A list of just a few of the movies released in 1984:
Indiana Jones and the Temple of Doom
None of those films, all of which have achieved at least some level of cultural permanence, was the top box office earner for 1984. That prize went to Martin Brest's Beverly Hills Cop.
Here's the thing about Beverly Hills Cop: it's not a great action movie. Brest's other films - Meet Joe Black, Scent of a Woman, Gigli - confirm that he is not an action director. He also directed Midnight Run, another film that, like Beverly Hills Cop, succeeds on the strength of its comedy rather than its action. Even the best action setpiece in Beverly Hills Cop - the opening scene in which an 18-wheeler full of cigarettes is chased by cop cars, causing mind-boggling collateral damage to a series of rundown Detroit streets - is edited in a way that distances us from the action, with The Pointer Sisters' "Neutron Dance" puncturing all of the pressure out of the scene. The shootout of the climax is no different: the perky synth score diminishes the tension, and when there's no music at all the scene feels even less tense, somehow. There's no mystery or suspense to the movie: we know right off the bat that Victor Maitland (Steven Berkoff) killed Mikey. We know he's going to get his, and we know Axel's gonna give it to him.
And honestly, on the page, Beverly Hills Cop isn't terribly special, either. Some of the jokes as-scripted are great, but the screenplay, as written, reads as a pretty basic fish-out-of-water procedural.
But all of that said, Beverly Hills Cop is an important movie, entirely worthy of its box office success, and that's for exactly one reason: Eddie Murphy's note-perfect performance as Axel Foley.
Murphy is brilliant in so many films: Trading Places, 48 Hours, Coming to America, Harlem Nights and Bowfinger, to name a few (if not all). But for my money, there's no role better suited to him than that of the wise-cracking, warm-hearted Foley, a Detroit cop who travels to Beverly Hills to investigate the death of his best friend and quickly becomes the bane of the polite, rule-abiding Beverly Hills police force.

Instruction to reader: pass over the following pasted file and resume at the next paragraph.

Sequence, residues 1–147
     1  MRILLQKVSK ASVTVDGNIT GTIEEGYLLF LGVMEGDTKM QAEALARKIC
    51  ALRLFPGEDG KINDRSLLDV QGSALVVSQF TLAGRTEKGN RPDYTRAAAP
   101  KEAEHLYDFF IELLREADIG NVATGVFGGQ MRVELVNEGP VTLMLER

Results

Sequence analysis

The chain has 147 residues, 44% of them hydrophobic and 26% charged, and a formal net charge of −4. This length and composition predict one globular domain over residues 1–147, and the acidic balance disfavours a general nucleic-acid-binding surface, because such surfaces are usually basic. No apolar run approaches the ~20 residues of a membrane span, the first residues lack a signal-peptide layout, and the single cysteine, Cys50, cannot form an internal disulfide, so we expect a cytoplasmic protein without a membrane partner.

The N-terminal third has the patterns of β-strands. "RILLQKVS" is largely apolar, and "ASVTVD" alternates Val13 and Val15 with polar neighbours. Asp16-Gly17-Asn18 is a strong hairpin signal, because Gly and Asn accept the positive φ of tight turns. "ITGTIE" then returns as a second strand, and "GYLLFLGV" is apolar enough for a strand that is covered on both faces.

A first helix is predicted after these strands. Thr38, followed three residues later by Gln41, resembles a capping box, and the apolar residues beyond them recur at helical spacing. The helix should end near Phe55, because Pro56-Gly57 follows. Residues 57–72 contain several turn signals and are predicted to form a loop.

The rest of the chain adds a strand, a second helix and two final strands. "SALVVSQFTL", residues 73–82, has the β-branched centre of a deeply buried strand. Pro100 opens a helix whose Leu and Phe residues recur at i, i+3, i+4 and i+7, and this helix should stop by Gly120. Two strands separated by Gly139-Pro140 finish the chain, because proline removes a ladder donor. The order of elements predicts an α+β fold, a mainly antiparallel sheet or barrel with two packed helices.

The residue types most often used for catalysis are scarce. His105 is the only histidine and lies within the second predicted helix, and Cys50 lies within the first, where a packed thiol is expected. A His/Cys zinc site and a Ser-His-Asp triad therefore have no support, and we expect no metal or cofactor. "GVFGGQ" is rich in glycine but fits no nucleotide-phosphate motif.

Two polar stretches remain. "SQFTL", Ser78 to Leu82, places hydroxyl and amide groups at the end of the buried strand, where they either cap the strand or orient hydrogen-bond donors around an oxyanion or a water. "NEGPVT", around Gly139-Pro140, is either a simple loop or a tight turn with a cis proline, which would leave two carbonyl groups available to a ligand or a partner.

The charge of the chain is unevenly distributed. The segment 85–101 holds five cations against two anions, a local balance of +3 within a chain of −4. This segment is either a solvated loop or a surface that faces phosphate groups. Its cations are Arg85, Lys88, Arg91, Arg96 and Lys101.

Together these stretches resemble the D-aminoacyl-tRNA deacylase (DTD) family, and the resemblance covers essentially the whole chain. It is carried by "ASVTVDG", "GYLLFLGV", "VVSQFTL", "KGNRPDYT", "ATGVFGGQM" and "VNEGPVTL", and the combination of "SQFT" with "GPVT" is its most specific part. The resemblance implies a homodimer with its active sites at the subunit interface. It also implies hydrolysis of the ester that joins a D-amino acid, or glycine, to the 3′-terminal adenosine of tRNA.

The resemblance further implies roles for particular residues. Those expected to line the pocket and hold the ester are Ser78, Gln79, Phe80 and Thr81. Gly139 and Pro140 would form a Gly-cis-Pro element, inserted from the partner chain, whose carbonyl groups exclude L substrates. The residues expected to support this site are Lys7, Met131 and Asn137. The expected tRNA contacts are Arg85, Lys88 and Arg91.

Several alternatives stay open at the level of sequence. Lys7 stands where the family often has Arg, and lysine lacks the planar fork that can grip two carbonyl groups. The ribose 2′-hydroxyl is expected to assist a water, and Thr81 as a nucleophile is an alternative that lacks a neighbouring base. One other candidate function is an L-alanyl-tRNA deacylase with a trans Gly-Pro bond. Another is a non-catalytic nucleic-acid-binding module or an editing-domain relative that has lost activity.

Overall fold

With the film's tepid action and our own certainty that Maitland is the bad guy whose comeuppance is inevitable, it relies solely on Murphy to define the emotional stakes of the film, and he does that with ease. In the few minutes we see him spend with James Russo's Mikey, we are entirely convinced of their love for each other, their history, the profound significance they hold for one another. Mikey's death affects us because of the way it affects Axel. In about 90 seconds - the scene in which he insists to his boss (Gilbert R. Hill) that he's taking vacation so he can chase down Mikey's killer, and later when he informs their mutual friend Jenny Summers (Lisa Eilbacher) of Mikey's death - we see some of the best dramatic acting of Murphy's career. It's quiet, understated, played out only in his eyes and only lasting a few brief moments before the comedy is restored to the story, but it's enough to make the rest of the film matter in a way that it wouldn't have otherwise.